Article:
Ankle Muscles

Custom Search

Muscular System:

Muscular System Index

Abdominal Muscles

Ankle Muscles

Arm Muscles

Back Muscles

Cardiac Muscle


Elbow Muscles

Foot Muscles

Hand Muscles

Head and Face Muscles

Hip Muscles


Knee Muscles

Leg Muscles


Motor Development

Muscle and the Nervous System

Muscle Control

Muscle Exercise

Muscle Fiber

Muscle, Tendon, Bone Connection

Muscle Types

Muscular System Overview

Neck Muscles


Shoulder Muscles

Thoracic Muscles

Vertebral Muscles

Muscular System Video Index

Human Body Index

Human Body Video Index

Science Videos

Science Main Index


The ankle is a complex joint made up of bones, muscles, ligaments and tendons. The ankle plays an important role in standing, walking, running, and any other upright movement. Read on to learn more about the ankle muscles, and their role in body movement.

On this page:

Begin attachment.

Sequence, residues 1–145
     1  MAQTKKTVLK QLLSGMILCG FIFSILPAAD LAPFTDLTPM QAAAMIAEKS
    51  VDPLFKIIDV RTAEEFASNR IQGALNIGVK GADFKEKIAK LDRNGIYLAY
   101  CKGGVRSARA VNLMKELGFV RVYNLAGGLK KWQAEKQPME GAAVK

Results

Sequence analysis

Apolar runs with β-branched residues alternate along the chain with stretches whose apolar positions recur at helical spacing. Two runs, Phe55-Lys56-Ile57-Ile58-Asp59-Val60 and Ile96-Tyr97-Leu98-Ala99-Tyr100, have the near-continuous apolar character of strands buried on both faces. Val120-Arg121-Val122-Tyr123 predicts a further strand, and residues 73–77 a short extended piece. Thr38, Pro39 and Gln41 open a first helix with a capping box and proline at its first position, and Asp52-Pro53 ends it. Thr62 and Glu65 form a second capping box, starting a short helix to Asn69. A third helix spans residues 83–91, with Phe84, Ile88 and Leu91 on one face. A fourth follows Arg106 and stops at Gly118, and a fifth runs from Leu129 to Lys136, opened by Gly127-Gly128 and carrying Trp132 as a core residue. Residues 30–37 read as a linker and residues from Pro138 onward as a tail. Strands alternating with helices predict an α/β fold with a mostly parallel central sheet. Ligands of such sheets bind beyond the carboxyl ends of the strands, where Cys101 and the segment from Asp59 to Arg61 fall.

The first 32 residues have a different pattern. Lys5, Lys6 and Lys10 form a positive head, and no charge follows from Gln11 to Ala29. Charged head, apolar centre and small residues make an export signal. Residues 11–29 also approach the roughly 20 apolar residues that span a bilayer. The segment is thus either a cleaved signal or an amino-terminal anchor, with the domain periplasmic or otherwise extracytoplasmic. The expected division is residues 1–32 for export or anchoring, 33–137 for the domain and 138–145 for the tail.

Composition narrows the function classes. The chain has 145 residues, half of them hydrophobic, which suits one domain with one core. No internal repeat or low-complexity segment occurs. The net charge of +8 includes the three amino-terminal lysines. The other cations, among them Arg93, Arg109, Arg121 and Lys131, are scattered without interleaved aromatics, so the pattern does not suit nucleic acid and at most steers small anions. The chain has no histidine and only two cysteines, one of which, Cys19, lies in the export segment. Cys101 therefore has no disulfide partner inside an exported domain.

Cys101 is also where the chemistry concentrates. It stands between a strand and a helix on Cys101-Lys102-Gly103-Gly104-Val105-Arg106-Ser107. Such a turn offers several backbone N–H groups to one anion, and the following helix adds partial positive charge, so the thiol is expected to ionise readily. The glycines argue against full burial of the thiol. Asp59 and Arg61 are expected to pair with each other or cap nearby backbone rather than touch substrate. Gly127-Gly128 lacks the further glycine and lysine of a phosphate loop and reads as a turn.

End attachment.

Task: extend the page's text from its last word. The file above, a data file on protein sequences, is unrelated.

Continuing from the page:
Ankle Muscles

Top of Page

Ankle Muscles
The Ankle

The ankle joint is the connection of three bones: the talus or ankle bone, tibia or shinbone, and the fibula. Below the talus is the calcaneus or heelbone. These bones are held together by a series of ligaments and tendons. Ligaments providing for bone to bone connection, and tendons providing muscle to bone connection.

Most ankle movement is caused by the muscles in the lower leg, passing over the ankle, and connecting in the foot. These muscles include the peroneus longus and peroneus brevis passing on the outside the ankle, connecting to the foot. These muscles rotate the ankle and foot downward and outward. The gastrocnemius and soleus in the calf connect, via the achilles tendon, to the calcaneus bone. When contracted, they rotate the foot downward. The posterior tibialis muscle supports the arch of the foot, and rotates the foot inward. The anterior tibialis rotates the foot upward.


Books on Ankle Muscles

Top of Page



Other links on Ankle Muscles

Top of Page


Top of Page



















Copyright © 1998-2012 Kidport